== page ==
Albert Camus' novel The Stranger begins with Meursault learning of his mother's death. People are put off by his apparent lack of grief.

What is the significance? Did Meursault in fact feel grief but was simply unable or unwilling to display it? Or did he not love his mother? Or he simply couldn't cope with her death?

  • what an interesting question, i hope it's not better suited to the lit stack – user38026 Sep 2 '19 at 22:58

What is the significance of The Stranger's lack of grief over his mother's death …?

L’Étranger is one book that definitely needs to be read in the original language.

It loses so much in translation, leaving it, as a comment in one of the other answers said, "boring, stupid, and a little sleazy".

In fact, the very first line, which in French establishes the character's view of the world, loses it completely in English, messing it up in at least two different ways:

Mother died today.

It makes "Mother" the significant part of the sentence, making us think that what follows will be about her. The formal and impersonal word "Mother" detaches Meursault from her.

But in the original French:

Aujourd’hui, maman est morte.

the idea is quite different.

It isn't a formal "Mother", it is "Maman", a much more personal and intimate term.

And the word order is different. It leads with "Today", not "Mother". What is most significant to Meursault is that it is today. His character lives in the present, not dwelling on the past, not dreaming of the future. He accepts what happens as it happens.

"Mother died today." is formal. It tells us about the woman and nothing about the narrator other than that he refers to her in an impersonal way. Her death was something she did, something that has already happened and already been consigned to the past.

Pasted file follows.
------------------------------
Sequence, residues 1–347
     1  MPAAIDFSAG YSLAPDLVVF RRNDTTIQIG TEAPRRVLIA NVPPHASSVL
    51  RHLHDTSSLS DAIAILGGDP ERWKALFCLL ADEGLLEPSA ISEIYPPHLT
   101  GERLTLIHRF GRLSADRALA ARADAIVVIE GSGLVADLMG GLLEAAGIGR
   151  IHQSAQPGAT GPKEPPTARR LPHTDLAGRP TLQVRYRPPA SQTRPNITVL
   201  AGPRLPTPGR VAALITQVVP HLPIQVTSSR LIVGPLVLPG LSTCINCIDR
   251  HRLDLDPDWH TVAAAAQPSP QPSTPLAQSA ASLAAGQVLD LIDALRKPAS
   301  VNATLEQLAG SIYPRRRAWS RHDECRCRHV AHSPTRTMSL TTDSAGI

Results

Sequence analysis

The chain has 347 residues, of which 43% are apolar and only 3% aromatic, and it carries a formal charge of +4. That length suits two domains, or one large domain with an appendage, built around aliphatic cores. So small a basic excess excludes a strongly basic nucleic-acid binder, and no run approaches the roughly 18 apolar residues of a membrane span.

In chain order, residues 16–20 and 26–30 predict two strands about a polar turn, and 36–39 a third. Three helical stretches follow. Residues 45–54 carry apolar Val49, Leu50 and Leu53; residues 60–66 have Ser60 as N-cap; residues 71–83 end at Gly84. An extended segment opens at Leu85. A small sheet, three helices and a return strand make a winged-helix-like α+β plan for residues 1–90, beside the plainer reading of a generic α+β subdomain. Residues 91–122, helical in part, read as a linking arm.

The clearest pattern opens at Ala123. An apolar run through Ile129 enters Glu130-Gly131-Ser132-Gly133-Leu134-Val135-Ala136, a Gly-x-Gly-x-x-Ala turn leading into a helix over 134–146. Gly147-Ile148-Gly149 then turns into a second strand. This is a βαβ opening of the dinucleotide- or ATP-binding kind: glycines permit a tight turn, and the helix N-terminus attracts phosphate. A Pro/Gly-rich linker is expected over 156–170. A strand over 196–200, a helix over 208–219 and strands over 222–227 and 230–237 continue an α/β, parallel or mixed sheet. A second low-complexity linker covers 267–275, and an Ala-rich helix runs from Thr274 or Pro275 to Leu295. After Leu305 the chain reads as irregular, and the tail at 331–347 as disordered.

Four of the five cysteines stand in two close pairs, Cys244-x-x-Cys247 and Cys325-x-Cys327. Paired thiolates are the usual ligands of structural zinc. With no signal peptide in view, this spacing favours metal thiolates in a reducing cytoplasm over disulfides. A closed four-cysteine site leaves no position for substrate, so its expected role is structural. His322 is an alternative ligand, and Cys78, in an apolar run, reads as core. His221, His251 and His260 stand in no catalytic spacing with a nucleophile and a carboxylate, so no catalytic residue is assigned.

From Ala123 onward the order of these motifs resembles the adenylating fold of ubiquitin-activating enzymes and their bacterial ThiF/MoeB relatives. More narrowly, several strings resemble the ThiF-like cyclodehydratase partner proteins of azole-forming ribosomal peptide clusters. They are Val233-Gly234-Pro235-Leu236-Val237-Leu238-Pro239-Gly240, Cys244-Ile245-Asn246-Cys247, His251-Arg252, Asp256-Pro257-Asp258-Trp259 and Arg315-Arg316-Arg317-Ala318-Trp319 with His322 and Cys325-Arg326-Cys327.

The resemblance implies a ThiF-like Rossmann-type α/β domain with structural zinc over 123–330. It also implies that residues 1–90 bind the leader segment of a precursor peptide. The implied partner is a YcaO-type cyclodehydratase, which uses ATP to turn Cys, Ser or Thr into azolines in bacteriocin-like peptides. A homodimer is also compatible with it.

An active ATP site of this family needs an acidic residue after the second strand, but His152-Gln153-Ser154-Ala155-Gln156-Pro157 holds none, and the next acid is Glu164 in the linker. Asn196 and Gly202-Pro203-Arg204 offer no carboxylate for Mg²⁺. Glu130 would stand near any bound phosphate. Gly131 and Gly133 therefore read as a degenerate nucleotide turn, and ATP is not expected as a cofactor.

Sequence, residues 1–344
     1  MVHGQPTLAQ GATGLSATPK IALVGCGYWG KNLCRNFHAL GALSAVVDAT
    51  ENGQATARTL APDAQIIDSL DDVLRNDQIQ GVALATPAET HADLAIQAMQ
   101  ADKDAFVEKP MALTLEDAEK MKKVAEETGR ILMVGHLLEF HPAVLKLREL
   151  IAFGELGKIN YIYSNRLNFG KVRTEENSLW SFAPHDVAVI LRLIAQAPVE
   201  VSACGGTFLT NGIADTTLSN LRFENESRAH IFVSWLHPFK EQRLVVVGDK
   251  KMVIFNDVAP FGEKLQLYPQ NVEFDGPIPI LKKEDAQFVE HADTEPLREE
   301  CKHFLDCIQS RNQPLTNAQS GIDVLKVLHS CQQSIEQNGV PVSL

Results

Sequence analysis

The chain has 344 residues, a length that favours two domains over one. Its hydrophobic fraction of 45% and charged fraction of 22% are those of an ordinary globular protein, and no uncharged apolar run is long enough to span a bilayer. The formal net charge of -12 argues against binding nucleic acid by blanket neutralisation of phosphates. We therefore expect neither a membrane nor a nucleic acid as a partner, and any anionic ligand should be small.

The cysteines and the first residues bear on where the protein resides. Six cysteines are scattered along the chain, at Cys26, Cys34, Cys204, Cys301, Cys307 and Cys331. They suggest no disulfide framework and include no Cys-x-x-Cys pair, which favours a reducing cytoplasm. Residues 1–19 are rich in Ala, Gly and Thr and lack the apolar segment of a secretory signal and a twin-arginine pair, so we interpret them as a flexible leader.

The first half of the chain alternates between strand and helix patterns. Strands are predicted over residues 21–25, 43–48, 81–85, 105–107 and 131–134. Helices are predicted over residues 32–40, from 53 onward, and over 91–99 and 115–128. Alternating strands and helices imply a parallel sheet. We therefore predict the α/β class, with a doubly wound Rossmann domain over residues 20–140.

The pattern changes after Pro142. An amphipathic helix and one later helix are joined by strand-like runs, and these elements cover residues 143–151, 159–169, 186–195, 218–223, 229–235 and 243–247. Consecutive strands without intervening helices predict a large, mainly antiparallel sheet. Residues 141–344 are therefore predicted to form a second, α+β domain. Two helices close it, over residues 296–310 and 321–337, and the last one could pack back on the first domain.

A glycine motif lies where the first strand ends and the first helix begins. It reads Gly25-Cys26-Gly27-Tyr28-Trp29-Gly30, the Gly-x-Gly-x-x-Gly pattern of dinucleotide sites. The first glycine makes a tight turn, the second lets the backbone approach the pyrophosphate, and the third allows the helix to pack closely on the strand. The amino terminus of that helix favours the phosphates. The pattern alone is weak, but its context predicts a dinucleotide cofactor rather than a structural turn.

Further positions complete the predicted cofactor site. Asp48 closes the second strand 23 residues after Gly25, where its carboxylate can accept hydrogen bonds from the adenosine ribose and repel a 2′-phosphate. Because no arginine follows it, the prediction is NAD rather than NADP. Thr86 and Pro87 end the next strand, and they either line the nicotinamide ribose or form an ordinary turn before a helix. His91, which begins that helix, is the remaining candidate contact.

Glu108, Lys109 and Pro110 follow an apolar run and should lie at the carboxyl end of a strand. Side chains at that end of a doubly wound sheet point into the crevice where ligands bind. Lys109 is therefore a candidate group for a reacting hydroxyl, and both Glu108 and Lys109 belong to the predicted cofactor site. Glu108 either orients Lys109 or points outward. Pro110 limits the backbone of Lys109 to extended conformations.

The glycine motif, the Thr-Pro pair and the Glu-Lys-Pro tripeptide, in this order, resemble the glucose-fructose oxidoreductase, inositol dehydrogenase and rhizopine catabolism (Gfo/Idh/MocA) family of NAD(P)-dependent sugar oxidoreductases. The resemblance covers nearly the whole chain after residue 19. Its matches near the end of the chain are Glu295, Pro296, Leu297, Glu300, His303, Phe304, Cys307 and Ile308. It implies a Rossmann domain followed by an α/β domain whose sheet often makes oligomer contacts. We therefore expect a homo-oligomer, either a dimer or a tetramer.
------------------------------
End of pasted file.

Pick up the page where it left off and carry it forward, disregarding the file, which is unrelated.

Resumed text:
A better translation, "Today, my Mom is dead." is informal and personal. Meursault is telling us about now, and we learn that he considers time important (something reinforced shortly later when he says that perhaps it was yesterday). Her death is part of his present, and he has affection for her.

To return to the original question though, it really isn't obvious that the narrator is lacking grief. He is simply a person that readily accepts the world he finds himself in, and a person without intimate social relationships and extravagant displays of emotion.

  • Wow, amazing that just one word in the first sentence pretty much sums up the entire book. – David Blomstrom Sep 4 '19 at 21:03
  • @DavidBlomstrom Can't believe you chose that answer, it's the same as mine, but over analyzed and verbose. The use of mother or mommy or whatever doesnt tell you about the narrator grief. tssss..... – Manu de Hanoi Sep 8 '19 at 15:27
  • @Manu de Hanoi - I chose that answer partly because he emphasized the importance of the word "today," which really made things fall into place. – David Blomstrom Sep 8 '19 at 18:13
  • @DavidBlomstrom, that's over analysing, writing "today, mom died" or "mom died today" doesnt tell you anything about the grief. – Manu de Hanoi Sep 10 '19 at 1:54

The popcorn interpretation of Meursault is that his detachment from events is authentic because he is estranged from the faked, or at least over blown, grief of others. But does that do justice to the subtlety of Camus's philosophy? That probably depends on whether he assimilated and then went beyond the lessons of Heidegger